Podcast: Portland Police Officer and City Council Candidate Eli Arnold

Eli Arnold in the BikePortland Shed, April 1st, 2024. (Jonathan Maus/BikePortland)

It took over a month for me to agree to interview Portland City Council candidate Eli Arnold. When most candidates reach out and ask for an interview, I reply much sooner and am eager to connect, either for a recorded conversation or an appearance at Bike Happy Hour.

But Arnold was different — because he’s a Portland Police officer.

10 years ago I wouldn’t have thought twice about interviewing him or helping him connect to our community. Personally, I’ve always had very strong mixed feelings about police in our city, but I’ve also maintained working relationships with them. Here are just a few examples: In 2005, BikePortland’s first year, I sat down with a Traffic Division commander; I’ve done two ride-alongs, one in a patrol car, the other on a bike; I’ve advocated for more bike-mounted officers; published a guest article by a former officer (hi Robert!); and in 2015, I worked closely with the Portland Police Bureau to launch the (now defunct) Bike Theft Task Force.

But in recent years, my opinion of policing — and the PPB in particular — has soured. I participated in several of the Black Lives Matter protests as a Portlander and as a journalist between June 2020 and April 2021 and I currently have no contact with the bureau or any of its officers.

That why I’ve watched Eli Arnold’s candidacy for council District 4 (Sellwood, Eastmoreland, and everything west of the Willamette River) with interest. When he requested an interview last month, I thought about it for a long time before saying, “yes.”

I understand the risks of platforming a police officer in our current political climate. But as I weighed my decision, nothing emerged from my own thoughts or from what I’d seen or heard or researched about Arnold, that I considered to be disqualifying. Please note: Those two previous sentences do not encapsulate all my thoughts about Arnold or this interview and I’m happy to talk about them further in person, in the comments below, or wherever else. In the end, my gut told me I should talk to him and share our conversation with you.

We covered a lot of ground in the interview. I wanted to make it relevant and worthwhile in terms of the big issues, while also touching on Arnold’s cycling perspective and giving you a sense of who he is beyond his uniform.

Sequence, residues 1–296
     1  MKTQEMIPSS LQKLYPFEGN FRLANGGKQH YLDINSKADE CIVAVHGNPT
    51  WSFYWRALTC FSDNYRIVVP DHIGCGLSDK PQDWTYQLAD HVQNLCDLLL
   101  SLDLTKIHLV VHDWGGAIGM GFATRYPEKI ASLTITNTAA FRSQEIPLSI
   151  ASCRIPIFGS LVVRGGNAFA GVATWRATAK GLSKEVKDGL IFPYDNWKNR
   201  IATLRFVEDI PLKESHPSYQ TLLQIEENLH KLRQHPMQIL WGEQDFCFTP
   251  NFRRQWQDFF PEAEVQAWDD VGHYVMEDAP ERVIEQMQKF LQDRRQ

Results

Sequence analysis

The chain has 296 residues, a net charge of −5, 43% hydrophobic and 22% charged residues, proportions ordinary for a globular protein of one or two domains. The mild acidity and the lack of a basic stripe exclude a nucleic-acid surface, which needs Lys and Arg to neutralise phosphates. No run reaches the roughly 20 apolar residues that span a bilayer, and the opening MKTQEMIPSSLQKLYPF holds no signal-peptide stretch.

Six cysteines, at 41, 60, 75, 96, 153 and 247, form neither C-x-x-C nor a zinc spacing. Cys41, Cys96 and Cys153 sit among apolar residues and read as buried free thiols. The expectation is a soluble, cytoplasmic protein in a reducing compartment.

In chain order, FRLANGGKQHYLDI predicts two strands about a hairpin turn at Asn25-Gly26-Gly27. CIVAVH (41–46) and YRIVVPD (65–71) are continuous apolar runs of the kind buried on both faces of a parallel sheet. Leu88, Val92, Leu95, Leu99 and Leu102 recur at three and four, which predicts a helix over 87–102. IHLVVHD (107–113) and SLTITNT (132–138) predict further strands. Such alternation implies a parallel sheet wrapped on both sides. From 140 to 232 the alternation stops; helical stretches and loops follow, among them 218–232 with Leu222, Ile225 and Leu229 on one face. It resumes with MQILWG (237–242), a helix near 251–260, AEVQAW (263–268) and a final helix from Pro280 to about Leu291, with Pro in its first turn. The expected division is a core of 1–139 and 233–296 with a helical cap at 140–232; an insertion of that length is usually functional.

“It’s the equation for photosynthesis, escape velocity and the Drake equation…and giant Sequoia tree paired up with a Saturn five rocket.”
He rolled up to the Shed in north Portland from Sellwood on his Trek Alpha.

Here’s a brief list of what we talked about:

  • Arnold’s experience on the bike squad.
  • Why Arnold started a community garden in his Savannah, GA neighborhood in 2014.
  • Why I’m skeptical he can be trusted to be a city leader with only Army and police experience.
  • How the killing of Michael Brown in Ferguson, MO in 2014 inspired Arnold to become a cop.
  • What he thinks about Former City Councilor Jo Ann Hardesty’s violence prevention tactics.
  • Policing in Portland and Arnold’s ideas for improving it.
  • What the big tattoo on his arm is all about (it’s related to his love of science fiction).
  • Why he thinks the we need more police — despite the problems on our streets being one of mental health, addiction, and other issues police are not suited to address.
  • How he’d approach traffic safety and his ideas to save lives.
  • and much more.

Listen in the player above or wherever you get your podcasts. You can hear an audio sample below or on Instagram. I’ve also pasted several exchanges below (edited for clarity):


[00:05:21] Jonathan Maus: When did you get to Portland and how did you decide to become a police officer here?

Eli Arnold:

“I got to Portland in 2015. I was just looking for something community oriented to do… Actually the first job I applied for was to be the head of the community garden program in Portland. I was not hired. Then I applied to be a background investigator the police bureau and somebody at that was like, ‘Why in the world are you not applying to be a police officer?’ And I had gone on a ride-along a few years prior, and prior to that no interest in the field. But it was really interesting actually. And so this guy talked me into it and I went ahead and applied.”

[00:07:16] Jonathan Maus: I think for a lot of people in America, [the response in Ferguson, MO to the killing of Michael Brown by a police officer] was when they started getting skeptical and negative about policing, maybe for the first time in their life, and it kicked off a lot of the turmoil of the next decade. I know you were in the Army, so you’re sort of in a law enforcement profession to some degree. Do you think that’s why that you leaned into policing in that moment instead of maybe coming away from it like a lot of people did?

Eli Arnold:

“I think the conclusion I reached was just that, this is important. Do it [policing] well or bad, there’s huge consequences. And so, you know, I think what attracted me as a young person to the military was, we’re going to deal with life and death stuff. We’re going to deal with big things. And I think my particular nature, uh, sort of suits me to certain things. I’m very non-reactive. So, you know, like flying a [night vision goggles] mission in Afghanistan doesn’t do much to me. An so I thought, you know, here’s the thing that maybe I’m suited to. So I guess it did have some appeal as like, I think I could do a good job at this.”